I buried myself. It was unintentional, but it was all my fault. One assignment was a longterm project to be done at home. The other was the final project for our information unit, the teen activism book my 6th graders produced, much delayed after 10 snow days this year. And I collected their writer’s notebooks. I was swamped with paper,stressed and worried about getting the work back in a timely manner. Two classes of 30 x all this work due at the same time. Are you feeling my pain?
Today, though, I finished grading the information books and I feel like I have summited a mountain. Or maybe crawled out from under one. Maybe, really, I can just see the summit from where I am. Bu this feels like significant progress.
The science teacher on my team has kids turn in everything electronically, but I don’t really find that a good process for me. I was feeling a little behind then times, until a colleague shared this article about the value of hard copies. Vindication.
I still have a bunch of papers to grade, but I am feeling less burdened. If I may mix my metaphors a bit, I might say there is a light at the end of the tunnel I just crawled out of.
Today, we begin the 4th week of school. That means my students and I have been together 19 school days. It seems like more. I mean that in a good way, that it seems as though we’ve known each other more than 19 days. The first day of school feels a long time ago. And yet, the last day is so far in the future it is unimaginable.
In John David Anderson’s Ms. Bixby’s Last Day, a trio of sixth grade boys skip school to spend one last day with their teacher who has been hospitalized with cancer.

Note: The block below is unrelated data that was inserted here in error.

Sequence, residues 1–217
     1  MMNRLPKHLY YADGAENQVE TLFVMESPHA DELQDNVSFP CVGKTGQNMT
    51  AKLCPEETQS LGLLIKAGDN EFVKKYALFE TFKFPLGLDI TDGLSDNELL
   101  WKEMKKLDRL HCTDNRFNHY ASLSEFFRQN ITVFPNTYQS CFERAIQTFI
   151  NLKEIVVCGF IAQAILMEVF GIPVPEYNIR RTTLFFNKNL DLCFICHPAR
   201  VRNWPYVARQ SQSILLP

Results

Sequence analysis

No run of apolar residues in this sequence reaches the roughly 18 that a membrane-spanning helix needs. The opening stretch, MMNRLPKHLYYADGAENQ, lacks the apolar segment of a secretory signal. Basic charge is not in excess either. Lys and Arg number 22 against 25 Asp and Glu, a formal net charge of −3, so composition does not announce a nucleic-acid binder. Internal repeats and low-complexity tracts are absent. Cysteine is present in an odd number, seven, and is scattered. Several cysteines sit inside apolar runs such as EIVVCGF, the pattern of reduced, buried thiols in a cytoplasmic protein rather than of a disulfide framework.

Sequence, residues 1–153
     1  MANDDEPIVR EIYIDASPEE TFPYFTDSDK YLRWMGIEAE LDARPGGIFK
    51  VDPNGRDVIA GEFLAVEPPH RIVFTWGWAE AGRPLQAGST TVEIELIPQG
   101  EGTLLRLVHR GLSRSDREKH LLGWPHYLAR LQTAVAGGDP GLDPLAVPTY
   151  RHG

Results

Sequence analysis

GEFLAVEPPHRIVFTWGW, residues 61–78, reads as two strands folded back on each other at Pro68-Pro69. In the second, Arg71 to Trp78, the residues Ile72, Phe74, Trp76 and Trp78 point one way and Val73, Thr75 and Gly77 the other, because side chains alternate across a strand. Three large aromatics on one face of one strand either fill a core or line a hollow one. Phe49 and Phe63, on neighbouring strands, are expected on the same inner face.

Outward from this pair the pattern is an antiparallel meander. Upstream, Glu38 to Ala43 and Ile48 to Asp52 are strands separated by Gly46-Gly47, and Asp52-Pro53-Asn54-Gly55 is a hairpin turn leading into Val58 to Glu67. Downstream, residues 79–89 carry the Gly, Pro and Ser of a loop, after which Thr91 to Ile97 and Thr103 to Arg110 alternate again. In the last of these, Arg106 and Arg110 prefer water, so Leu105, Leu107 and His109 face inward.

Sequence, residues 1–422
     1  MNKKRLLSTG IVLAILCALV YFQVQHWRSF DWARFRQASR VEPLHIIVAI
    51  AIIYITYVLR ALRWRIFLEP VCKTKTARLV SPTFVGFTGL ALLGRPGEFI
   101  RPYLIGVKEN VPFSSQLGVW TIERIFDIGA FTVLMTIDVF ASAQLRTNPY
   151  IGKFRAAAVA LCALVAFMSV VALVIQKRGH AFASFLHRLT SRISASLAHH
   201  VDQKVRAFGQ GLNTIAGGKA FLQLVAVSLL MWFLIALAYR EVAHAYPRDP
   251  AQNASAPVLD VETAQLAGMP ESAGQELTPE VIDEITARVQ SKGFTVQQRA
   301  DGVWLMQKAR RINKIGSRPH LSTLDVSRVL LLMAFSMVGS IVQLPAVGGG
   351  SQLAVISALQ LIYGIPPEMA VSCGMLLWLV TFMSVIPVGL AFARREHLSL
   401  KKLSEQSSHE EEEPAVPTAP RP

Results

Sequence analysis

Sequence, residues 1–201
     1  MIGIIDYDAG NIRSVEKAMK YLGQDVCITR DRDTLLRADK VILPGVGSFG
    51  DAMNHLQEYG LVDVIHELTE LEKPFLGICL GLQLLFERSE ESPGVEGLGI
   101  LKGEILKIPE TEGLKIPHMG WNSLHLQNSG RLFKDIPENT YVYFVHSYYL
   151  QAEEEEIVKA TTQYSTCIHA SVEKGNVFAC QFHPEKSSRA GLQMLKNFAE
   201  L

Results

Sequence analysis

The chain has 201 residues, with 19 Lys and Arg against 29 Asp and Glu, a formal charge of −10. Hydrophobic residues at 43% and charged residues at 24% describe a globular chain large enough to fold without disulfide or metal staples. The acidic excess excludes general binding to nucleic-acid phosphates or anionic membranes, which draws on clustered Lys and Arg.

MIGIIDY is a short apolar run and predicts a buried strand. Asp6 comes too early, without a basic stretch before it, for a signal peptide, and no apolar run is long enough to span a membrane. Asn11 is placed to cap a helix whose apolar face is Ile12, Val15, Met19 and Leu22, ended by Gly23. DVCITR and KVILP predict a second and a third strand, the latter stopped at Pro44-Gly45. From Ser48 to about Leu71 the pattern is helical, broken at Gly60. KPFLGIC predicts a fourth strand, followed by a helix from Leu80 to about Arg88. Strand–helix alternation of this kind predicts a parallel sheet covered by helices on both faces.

Publisher’s Summary: Everyone knows there are different kinds of teachers. The boring ones, the mean ones, the ones who try too hard, the ones who stopped trying long ago. The ones you’ll never remember, and the ones you want to forget. Ms. Bixby is none of these. She’s the sort of teacher who makes you feel like school is somehow worthwhile. Who recognizes something in you that sometimes you don’t even see in yourself. Who you never want to disappoint. What Ms. Bixby is, is one of a kind.
Topher, Brand, and Steve know this better than anyone. And so when Ms. Bixby unexpectedly announces that she won’t be able to finish the school year, they come up with a risky plan—more of a quest, really—to give Ms. Bixby the last day she deserves. Through the three very different stories they tell, we begin to understand what Ms. Bixby means to each of them—and what the three of them mean to each other.
Ms Bixby is, what the boys call, “one of the good ones”. She makes a difference in a way I think we all wanted to when we decided to join the profession. She inspires and brings things out in these boys that feel real. I am not ashamed to admit that I simultaneously laughed and cried as Steve, begins to sing
And as we wind on down the road
Our shadows taller than our soul.
There walks a lady we all know
Who shines white light and wants to show
How everything still turns to gold.
I’m thinking that this one might be a read aloud. It will certainly be the subject of a book talk soon.
The portable toilets were the first to arrive and the last to leave.
Of course, they were nice toilets, not the blue plastic ones that give everyone the creeps. These untippable beauties were parked on the corner by my house, awaiting the film crew.